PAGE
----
About Greg Moore

Founder and owner of Green Mountain Software, a consulting firm based in the Capital District of New York focusing on SQL Server. Consulting DBA ("and other duties as assigned") by day, and sometimes night, and caver by night (and sometimes day). When I'm not in front of a computer or with my family I'm often out hiking, biking, caving or teaching cave rescue skills.

Feeling Good but…

I think it would be fair to say that like everyone, I’m a bit sick of Covid (thankfully not sick from it.) I just got my booster on Friday and then I’m hearing about the Omicron variant.

I submitted talks for SQLBits in the UK for next year, hoping to present in person. And I’m hearing about numbers rising.

I’m planning a mini-vacation/cave rescue training trip to Hawai’i next year and making sure everything is refundable. Just in case.

So I’m feeling god but…

At the start of each year, I set some financial goals for myself. Some include what things I may pay off, save, or how I’ll spend it (now admittedly most of those are fixed, such as knowing I’ll tax property taxes, etc.) As a contractor I also set a couple of various goals for new work and how much I’ll hopefully earn in the coming year. I find these are important as they help keep me focused and moving forward.

The good news is, financially I’ve hit all my goals, and then some, this year. The downside, with that, and with Covid continually popping up its ugly head, I’ve lost some of my motivation for the rest of the year.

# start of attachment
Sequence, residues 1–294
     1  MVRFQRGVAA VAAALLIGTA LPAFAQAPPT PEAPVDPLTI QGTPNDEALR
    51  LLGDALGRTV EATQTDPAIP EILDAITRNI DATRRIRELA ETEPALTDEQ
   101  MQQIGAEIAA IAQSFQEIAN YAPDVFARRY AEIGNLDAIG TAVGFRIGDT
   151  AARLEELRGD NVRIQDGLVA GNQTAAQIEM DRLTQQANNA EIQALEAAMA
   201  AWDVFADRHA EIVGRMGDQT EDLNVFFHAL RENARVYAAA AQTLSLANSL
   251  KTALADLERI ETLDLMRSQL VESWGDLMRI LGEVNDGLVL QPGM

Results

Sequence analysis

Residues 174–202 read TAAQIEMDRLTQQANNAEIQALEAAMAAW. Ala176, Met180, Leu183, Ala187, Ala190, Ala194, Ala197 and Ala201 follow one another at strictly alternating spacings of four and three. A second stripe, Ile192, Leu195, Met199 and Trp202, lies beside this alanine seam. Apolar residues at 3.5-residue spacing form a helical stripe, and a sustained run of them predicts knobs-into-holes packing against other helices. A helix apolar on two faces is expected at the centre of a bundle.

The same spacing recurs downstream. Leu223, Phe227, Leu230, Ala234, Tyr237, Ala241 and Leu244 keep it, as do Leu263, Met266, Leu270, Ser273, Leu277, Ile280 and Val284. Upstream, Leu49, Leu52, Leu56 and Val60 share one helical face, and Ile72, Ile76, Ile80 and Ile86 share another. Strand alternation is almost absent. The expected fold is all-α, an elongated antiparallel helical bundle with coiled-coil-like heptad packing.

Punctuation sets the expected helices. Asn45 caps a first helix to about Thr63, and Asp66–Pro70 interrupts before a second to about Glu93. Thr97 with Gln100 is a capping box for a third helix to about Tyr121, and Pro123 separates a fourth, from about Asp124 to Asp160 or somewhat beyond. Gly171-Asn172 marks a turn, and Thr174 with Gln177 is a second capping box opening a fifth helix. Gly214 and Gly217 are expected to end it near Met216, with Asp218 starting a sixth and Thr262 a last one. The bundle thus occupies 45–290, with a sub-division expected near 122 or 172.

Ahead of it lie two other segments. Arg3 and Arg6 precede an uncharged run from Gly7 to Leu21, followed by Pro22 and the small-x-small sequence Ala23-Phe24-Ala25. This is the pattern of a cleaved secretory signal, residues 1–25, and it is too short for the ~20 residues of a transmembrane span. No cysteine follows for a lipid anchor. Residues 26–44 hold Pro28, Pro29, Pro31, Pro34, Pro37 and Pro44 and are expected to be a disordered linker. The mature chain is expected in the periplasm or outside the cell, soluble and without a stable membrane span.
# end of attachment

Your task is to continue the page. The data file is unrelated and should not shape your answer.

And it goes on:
Fortunately, this has freed up some time for some projects around the house. Almost two years ago, with help from the kids, I started on a project to replace some leaking pipes and replace the resulting damaged drywall in the basement. I’m proud to say I’ve finally gotten around to taping and painting the drywall in the basement and patching around where I put in the new bathroom fan. Things get done, albeit slowly.

I’m also feeling good because a major project for one of my clients is mostly completed. But it also came very close to burning me out and I’ll admit I even considered walking away from the client over it. The strange part is that it wasn’t a particularly complicated project, though it did involve a combination of SQL, PowerShell, and using a product called Pentaho. Technically it was fairly straightforward. But, for awhile, the project management was absent and the then lead was actually another agency who, I think it’s safe to say didn’t clearly understand the full scope of the project. With the addition of the client adding their own PM and working with a different agency taking over a bunch of the work, things have gone much more smoothly. Now we’re simply dealing with small niggling details that got missed before.

What kept me from walking away (besides it being my largest client) was a sense of responsibility to the client. Without my efforts, I think the project would have easily been set back a month as they would have had to bring someone else up to speed on my efforts.

Now the upside is that because of the overtime required (and it’s still ongoing) I met my financial goals for the year (and hence now have time for the house projects). So that’s a good thing.